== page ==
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Child Farm Labor: The Wealth Paradox

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  • Sonia Bhalotra
  • Christopher Heady

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Abstract

This paper is motivated by the remarkable observation that children in land-rich households are often more likely to be in work than the children of land-poor households. The vast majority of working children in developing countries are in agricultural work, predominantly on farms operated by their families. Land is the most important store of wealth in agrarian societies and it is typically distributed very unequally. These facts challenge the common presumption that child labour emerges from the poorest households. This article suggests that this seeming paradox can be explained by failures of the markets for labour and land. Credit market failure will tend to weaken the force of this paradox. These effects are modeled and estimates obtained using survey data from rural Pakistan and Ghana. The main result is that the 'wealth paradox' persists for girls in both countries whereas, for boys, it disappears after conditioning on other covariates.

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Bibliographic Info

Paper provided by Department of Economics, University of Bristol, UK in its series Bristol Economics Discussion Papers with number 03/553.

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Length: 52 pages
Date of creation: Aug 2003
Date of revision:
Handle: RePEc:bri:uobdis:03/553

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Keywords: child labour; land-rich households; wealth paradox;

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References

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  1. Sonia Bhalotra, 2003. "Is Child Work Necessary?," Bristol Economics Discussion Papers 03/554, Department of Economics, University of Bristol, UK.
  2. Jafarey, Saqib & Lahiri, Sajal, 2002. "Will trade sanctions reduce child labour?: The role of credit markets," Journal of Development Economics, Elsevier, vol. 68(1), pages 137-156, June.
  3. Edmonds, Eric V., 2008. "Child Labor," Handbook of Development Economics, Elsevier.
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  6. Butcher, Kristin F & Case, Anne, 1994. "The Effect of Sibling Sex Composition on Women's Education and Earnings," The Quarterly Journal of Economics, MIT Press, vol. 109(3), pages 531-63, August.
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  8. Ranjan, Priya, 1999. "An economic analysis of child labor," Economics Letters, Elsevier, vol. 64(1), pages 99-105, July.
  9. Deolalikar, Anil B & Vijverberg, Wim P M, 1987. "A Test of Heterogeneity of Family and Hired Labour in Asian Agriculture," Oxford Bulletin of Economics and Statistics, Department of Economics, University of Oxford, vol. 49(3), pages 291-305, August.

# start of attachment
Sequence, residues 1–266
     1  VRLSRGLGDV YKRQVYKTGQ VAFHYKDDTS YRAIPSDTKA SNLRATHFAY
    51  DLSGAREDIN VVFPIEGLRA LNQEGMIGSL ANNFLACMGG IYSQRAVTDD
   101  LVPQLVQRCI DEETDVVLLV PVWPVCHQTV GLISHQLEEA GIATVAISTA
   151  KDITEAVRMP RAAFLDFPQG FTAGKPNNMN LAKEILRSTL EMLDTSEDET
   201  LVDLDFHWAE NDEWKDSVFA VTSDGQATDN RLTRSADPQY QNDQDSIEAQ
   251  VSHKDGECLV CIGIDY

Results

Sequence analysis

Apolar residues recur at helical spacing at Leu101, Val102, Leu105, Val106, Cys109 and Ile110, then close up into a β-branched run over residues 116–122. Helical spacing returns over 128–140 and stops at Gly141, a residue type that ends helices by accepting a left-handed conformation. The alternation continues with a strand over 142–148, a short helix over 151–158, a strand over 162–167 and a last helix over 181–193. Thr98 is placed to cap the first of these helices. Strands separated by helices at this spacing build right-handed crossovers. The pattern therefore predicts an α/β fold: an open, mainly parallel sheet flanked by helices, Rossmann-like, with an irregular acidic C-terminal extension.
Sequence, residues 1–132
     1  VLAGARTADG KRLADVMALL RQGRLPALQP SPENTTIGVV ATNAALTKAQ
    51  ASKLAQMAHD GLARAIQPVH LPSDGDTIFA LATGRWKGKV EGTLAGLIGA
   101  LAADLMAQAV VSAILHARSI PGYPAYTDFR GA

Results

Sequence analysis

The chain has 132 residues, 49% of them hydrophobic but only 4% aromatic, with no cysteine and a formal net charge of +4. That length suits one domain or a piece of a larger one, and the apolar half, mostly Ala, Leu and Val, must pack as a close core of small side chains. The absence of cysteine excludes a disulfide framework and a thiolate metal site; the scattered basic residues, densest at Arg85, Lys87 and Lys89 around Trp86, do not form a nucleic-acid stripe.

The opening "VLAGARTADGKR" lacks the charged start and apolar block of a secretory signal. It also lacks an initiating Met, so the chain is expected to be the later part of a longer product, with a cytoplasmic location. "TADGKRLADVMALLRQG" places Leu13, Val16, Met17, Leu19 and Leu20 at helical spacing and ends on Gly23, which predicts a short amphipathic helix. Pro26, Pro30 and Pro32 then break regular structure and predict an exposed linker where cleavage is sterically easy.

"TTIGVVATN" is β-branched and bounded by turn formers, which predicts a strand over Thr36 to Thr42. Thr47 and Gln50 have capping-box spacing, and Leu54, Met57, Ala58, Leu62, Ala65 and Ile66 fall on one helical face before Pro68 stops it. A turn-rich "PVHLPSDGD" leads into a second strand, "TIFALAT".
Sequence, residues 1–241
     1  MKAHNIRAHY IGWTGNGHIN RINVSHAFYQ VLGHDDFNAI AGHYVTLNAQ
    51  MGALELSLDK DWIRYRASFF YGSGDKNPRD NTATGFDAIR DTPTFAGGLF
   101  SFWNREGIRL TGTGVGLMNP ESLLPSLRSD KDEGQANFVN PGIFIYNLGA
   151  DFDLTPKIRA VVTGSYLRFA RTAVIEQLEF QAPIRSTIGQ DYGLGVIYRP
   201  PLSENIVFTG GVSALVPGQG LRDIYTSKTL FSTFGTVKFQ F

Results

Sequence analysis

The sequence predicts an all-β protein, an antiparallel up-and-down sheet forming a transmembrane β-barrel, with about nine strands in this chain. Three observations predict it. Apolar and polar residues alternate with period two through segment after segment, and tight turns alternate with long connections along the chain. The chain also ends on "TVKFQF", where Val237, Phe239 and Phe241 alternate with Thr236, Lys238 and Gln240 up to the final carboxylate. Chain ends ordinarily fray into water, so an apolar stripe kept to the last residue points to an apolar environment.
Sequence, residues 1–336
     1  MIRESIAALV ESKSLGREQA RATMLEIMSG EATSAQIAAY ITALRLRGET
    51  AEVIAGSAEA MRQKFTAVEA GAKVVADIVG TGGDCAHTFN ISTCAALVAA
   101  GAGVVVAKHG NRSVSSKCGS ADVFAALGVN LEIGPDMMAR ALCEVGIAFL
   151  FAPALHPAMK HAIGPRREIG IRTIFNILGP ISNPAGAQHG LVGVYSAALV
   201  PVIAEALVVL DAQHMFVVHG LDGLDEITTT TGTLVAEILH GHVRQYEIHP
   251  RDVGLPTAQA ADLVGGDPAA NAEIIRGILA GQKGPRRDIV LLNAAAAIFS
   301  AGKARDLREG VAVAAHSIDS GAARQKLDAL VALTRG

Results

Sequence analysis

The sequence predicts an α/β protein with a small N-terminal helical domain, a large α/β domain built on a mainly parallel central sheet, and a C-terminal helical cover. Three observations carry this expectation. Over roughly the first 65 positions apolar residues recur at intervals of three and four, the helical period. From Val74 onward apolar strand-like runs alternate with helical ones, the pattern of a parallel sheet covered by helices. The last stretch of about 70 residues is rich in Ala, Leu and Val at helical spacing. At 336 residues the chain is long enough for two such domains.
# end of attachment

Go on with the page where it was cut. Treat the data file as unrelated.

10. Patrick M. Emerson & Andre Portela Souza, 2002. "Is There a Child Labor Trap? Inter-Generational Persistence of Child Labor in Brazil," Vanderbilt University Department of Economics Working Papers 0214, Vanderbilt University Department of Economics.
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  12. Benjamin, Dwayne, 1992. "Household Composition, Labor Markets, and Labor Demand: Testing for Separation in Agricultural Household Models," Econometrica, Econometric Society, vol. 60(2), pages 287-322, March.
  13. Eric Edmonds & Nina Pavcnik, 2002. "Does Globalization Increase Child Labor? Evidence from Vietnam," NBER Working Papers 8760, National Bureau of Economic Research, Inc.
  14. Basu, Kaushik & Van, Pham Hoang, 1998. "The Economics of Child Labor," American Economic Review, American Economic Association, vol. 88(3), pages 412-27, June.
  15. Martin Browning, 1998. "Modelling commodity demands and labour supply with m-demands," Discussion Papers 99-08, University of Copenhagen. Department of Economics.
  16. Bhalotra, Sonia, 2002. "Parent Altruism," Royal Economic Society Annual Conference 2002 25, Royal Economic Society.
  17. Glewwe, Paul, 1996. "The relevance of standard estimates of rates of return to schooling for education policy: A critical assessment," Journal of Development Economics, Elsevier, vol. 51(2), pages 267-290, December.
  18. John Knight & Sharada Weir, 2000. "Adoption and Diffusion of Agricultural Innovations in Ethiopia: The Role of Education," Economics Series Working Papers WPS/2000-05, University of Oxford, Department of Economics.
  19. Case, Anne & Lin, I-Fen & McLanahan, Sara, 2000. "How Hungry Is the Selfish Gene?," Economic Journal, Royal Economic Society, vol. 110(466), pages 781-804, October.
  20. Ravallion, Martin & Wodon, Quentin, 1999. "Does child labor displace schooling? - evidence on behavioral responses to an enrollment subsidy," Policy Research Working Paper Series 2116, The World Bank.
  21. Cigno, Alessandro & Rosati, Furio Camillo & Tzannatos, Zafiris, 2001. "Child labor, nutrition, and education in rural India : an economic analysis of parental choice and policy options," Social Protection Discussion Papers 24081, The World Bank.
  22. Foster, Andrew D & Rosenzweig, Mark R, 1994. "A Test for Moral Hazard in the Labor Market: Contractual Arrangements, Effort, and Health," The Review of Economics and Statistics, MIT Press, vol. 76(2), pages 213-27, May.
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